xml:space="preserve">
Secretary of State Rex Tillerson during a news conference in Cairo, Egypt, on Feb. 12, 2018. President Donald Trump fired Tillerson on March 13, 2018, and is replacing him with Mike Pompeo.
Secretary of State Rex Tillerson during a news conference in Cairo, Egypt, on Feb. 12, 2018. President Donald Trump fired Tillerson on March 13, 2018, and is replacing him with Mike Pompeo. (Xinhua / TNS)

Rex Tillerson’s term as secretary of state, which came to an abrupt end today, was notable mainly because it displeased pretty much everyone. Donald Trump wasn’t happy with him because Tillerson favored staying in the nuclear deal with Iran and because of their bad personal chemistry. State Department employees weren’t happy with him because he imposed a hiring freeze, proposed budget cuts and showed no appreciation for the work they do.

Sixty percent of top-ranking career diplomats have retired since he arrived. “In nearly 300 embassies, missions and consulates around the world where State Department officials work to promote and defend America’s interests, diplomats complain about not just a dearth of resources but also a lack of guidance,” the New York Times reported in October. Applications for the Foreign Service have plunged.

Advertisement

Foreign governments were bewildered by the obvious conflicts between the president and his top diplomat. It was never clear if the secretary had any power or influence in this administration. Tillerson couldn’t have been pleased to see a grossly unqualified novice, Jared Kushner, being given a major say on the Middle East, Mexico and China.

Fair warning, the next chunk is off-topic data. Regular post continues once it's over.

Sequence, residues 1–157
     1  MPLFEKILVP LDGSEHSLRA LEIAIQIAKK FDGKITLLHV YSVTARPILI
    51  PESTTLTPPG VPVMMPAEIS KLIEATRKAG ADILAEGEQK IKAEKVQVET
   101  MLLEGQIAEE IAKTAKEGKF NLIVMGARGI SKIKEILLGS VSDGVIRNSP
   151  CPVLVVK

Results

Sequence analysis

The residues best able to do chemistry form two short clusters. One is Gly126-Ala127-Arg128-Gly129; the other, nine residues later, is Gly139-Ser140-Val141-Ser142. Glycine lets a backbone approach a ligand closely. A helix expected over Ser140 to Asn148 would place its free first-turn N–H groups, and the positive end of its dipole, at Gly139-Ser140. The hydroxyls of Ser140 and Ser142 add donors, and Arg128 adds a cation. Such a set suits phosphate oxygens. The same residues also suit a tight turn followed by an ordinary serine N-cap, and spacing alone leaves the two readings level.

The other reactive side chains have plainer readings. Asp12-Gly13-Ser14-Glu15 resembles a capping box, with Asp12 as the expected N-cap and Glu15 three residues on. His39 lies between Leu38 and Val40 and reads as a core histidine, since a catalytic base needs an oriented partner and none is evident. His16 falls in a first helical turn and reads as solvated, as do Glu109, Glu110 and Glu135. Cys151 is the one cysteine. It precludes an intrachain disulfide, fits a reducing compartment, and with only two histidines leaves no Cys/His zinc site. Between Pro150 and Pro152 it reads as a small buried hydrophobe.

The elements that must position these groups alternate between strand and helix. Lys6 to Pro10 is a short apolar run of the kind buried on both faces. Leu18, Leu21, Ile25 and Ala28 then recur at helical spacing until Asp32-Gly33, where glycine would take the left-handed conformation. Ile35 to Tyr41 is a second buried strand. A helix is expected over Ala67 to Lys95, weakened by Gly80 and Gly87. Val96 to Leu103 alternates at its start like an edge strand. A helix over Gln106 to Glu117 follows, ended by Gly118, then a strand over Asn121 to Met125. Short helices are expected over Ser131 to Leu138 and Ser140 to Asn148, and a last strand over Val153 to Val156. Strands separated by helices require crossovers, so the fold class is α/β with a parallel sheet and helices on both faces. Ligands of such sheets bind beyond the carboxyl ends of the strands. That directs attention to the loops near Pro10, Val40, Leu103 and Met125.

Trump claims he hires the best people, but he doesn’t keep them. This should be the time in a new administration when Cabinet officers and other key advisers are hitting their stride, having learned what they need to know to do their jobs as well as possible. Instead, many of them have been felled by scandal, run afoul of their mercurial president or burned out by the nonstop turmoil and confused direction of the past 14 months.

Tillerson was an able oil executive used to dealing with heads of government all over the world. But he could never figure out how to establish trust and rapport with Trump.

“He makes decisions differently,” Tillerson told the Times, obviously choosing his words carefully. “I’ve had to learn how he processes information and how I can help him process the information and how I can give him good advice that makes sense to him. So for both of us there’s a communication to be worked out.” In private, Tillerson called Trump a “moron,” using an adjective I can’t repeat here.

Nothing Trump says can be taken at face value. But when he said this morning, “I think Rex will be much happier now,” we can be confident he was telling the truth.

Advertisement
Advertisement
Advertisement